SBA lending program lags 2013 results in Buffalo Niagara region - The Buffalo News

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SBA lending program lags 2013 results in Buffalo Niagara region

A small-business lending program backed by the federal government has some catching up to do.

In March, a total of 62 of the Small Business Administration loans, called 7(a) loans, were originated in the Buffalo-Rochester region, three fewer than a year ago, according to the SBA. The total dollar volume of the loans was down 35 percent from a year ago, to $8.2 million.

Through the first half of the federal government’s fiscal year, which began in October, the number of loans was down 5.2 percent, to 307, and the dollar value was down 20 percent, to $55.4 million.

Charles Guarino, senior vice president and director of marketing at Five Star Bank, said bank officials have noted the pattern. “We think it will start to turn around as the weather warms up and the second half gets underway.”

Under the program, the government provides guarantees for up to 85 percent of the loan principal. It is designed to help businesses that might otherwise have difficulty obtaining loans by giving the banks more confidence to lend to them.

M&T Bank led in loans originated under the program in March with 20, which was down two from a year ago. Meanwhile, Five Star Bank led in loan volume, at $2.32 million, which was up 32 percent from the year before. “That’s a sign we feel it’s going to start to turn around,” Guarino said.

Through the first six months, M&T led in both loans and volume among the 24 participating institutions. But the Buffalo-based bank’s numbers in both categories were down from the same period a year ago. Its number of loans declined 17 percent and its dollar volume was down 51 percent.

Alfred F. Luhr III, M&T’s senior vice president for business banking in Buffalo, said a few factors contributed to the drop over the first half of the past fiscal year.

Last year’s figures were “unusually high” because of a number of larger projects that were financed, Luhr said. Four of its loans in the program were funded for more than $1 million each – including one for nearly $5 million – compared to the bank’s average loan size of $130,000.

Luhr said the partial government shutdown in October 2013 also got the program off to a slow start, followed by harsh winter weather that may have slowed some activity.

Even with the decreased amounts, M&T dominated the program, accounting for 34 percent of all the loans during the first six months, and about 23 percent of the total dollar volume.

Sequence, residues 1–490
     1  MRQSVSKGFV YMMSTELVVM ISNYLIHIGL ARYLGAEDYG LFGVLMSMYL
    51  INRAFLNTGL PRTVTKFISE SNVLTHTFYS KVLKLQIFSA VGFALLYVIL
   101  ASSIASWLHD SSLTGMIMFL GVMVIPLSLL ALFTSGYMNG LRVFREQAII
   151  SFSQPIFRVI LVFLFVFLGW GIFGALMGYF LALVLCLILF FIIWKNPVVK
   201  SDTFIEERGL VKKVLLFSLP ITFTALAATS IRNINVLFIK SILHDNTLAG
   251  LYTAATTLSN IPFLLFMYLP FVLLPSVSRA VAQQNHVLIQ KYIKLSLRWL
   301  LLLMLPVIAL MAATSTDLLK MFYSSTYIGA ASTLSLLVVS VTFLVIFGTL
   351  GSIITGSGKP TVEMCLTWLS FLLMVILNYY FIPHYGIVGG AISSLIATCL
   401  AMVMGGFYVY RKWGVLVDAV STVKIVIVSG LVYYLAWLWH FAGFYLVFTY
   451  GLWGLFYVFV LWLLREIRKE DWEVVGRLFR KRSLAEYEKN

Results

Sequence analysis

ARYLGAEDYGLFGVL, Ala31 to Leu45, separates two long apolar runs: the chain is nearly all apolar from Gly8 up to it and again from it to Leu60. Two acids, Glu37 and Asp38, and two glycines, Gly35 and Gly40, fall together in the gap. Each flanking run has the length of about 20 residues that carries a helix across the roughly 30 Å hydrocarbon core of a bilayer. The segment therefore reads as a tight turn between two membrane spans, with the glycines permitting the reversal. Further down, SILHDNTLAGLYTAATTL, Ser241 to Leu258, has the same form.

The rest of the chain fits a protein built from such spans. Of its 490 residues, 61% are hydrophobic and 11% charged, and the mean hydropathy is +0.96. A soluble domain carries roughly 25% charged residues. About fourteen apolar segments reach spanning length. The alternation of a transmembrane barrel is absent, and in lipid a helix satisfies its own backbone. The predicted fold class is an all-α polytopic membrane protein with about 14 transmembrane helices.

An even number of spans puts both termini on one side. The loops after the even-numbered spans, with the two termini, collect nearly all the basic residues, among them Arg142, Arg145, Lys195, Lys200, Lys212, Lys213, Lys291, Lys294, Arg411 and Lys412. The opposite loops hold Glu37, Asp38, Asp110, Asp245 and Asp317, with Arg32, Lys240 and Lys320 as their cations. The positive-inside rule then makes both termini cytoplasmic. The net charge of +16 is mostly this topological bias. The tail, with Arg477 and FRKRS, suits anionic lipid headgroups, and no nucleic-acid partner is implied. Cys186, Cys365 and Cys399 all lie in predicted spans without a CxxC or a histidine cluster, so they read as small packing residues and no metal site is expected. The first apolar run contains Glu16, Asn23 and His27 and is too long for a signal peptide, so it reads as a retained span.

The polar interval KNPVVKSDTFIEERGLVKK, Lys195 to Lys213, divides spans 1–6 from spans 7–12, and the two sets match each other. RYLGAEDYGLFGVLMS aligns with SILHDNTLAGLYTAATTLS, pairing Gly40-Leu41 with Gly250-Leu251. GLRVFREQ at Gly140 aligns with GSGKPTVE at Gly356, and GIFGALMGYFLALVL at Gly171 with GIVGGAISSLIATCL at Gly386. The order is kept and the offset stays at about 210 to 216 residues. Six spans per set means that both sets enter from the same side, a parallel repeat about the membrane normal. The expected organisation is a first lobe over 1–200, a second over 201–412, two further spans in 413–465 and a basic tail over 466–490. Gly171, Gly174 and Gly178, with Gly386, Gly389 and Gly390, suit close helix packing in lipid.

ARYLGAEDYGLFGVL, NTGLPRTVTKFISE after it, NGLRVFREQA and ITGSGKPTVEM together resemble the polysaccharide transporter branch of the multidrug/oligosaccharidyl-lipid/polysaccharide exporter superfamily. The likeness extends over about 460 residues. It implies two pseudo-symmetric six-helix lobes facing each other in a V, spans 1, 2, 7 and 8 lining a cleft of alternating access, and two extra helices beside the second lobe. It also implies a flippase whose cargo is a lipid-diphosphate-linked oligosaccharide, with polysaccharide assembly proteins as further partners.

Luhr said M&T’s pipeline of SBA loans in progress is “healthy,” and he pointed to Buffalo-area developments that are expected to stimulate opportunities for its small-business customers.

He noted that in the Buffalo area in particular, M&T closed 17 loans in March for $1.9 million, compared to 14 loans for $1.4 million a year ago.

First Niagara Financial Group saw its numbers go up in the Buffalo-Rochester region in the first half of the fiscal year.

It had 50 loans compared to 38 a year ago, and its volume was $9.8 million, up from $5.3 million a year ago. “We’re looking to improve on that,” said Christopher Earle, first vice president and SBA team leader at First Niagara. In both loans and volume, the bank ranked No. 2 in the market behind M&T.

Earle said the results reflected First Niagara’s ongoing efforts to reach out to customers to use the SBA program. And the numbers have been strong across its footprint, not just in the Buffalo-Rochester region, he said.

Among the reasons customers are seeking the loans are for working capital and business expansions, Earle said.

While Evans Bank’s loan volume under the program was up for the first half of the fiscal year, to $2.4 million, its number of loans was down by seven, to 13.

John Eagleton, Evans’ chief lending officer, said the approval process for the SBA loans is more cumbersome than it used to be, which has slowed some approvals. “It has nothing to do with the local SBA leadership,” he added.

And Eagleton noted that some companies don’t necessarily need to go through the SBA program for a loan. “We are generally seeing although the economy isn’t growing tremendously, the companies that have viable products and are working hard are strengthening their balance sheets,” he said.


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